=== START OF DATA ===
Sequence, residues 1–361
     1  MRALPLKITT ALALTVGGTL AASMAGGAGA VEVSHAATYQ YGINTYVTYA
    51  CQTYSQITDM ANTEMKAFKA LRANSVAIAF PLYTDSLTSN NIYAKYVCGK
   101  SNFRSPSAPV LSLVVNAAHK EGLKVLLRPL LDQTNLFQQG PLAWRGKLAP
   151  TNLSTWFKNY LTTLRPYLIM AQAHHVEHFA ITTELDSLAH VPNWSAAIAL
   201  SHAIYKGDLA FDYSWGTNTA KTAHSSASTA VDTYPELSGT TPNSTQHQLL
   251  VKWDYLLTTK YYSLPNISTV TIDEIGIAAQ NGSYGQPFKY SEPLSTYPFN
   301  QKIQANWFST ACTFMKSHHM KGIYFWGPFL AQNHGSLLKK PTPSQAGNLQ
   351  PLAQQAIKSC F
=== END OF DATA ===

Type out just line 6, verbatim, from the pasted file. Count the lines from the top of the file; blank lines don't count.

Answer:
   201  SHAIYKGDLA FDYSWGTNTA KTAHSSASTA VDTYPELSGT TPNSTQHQLL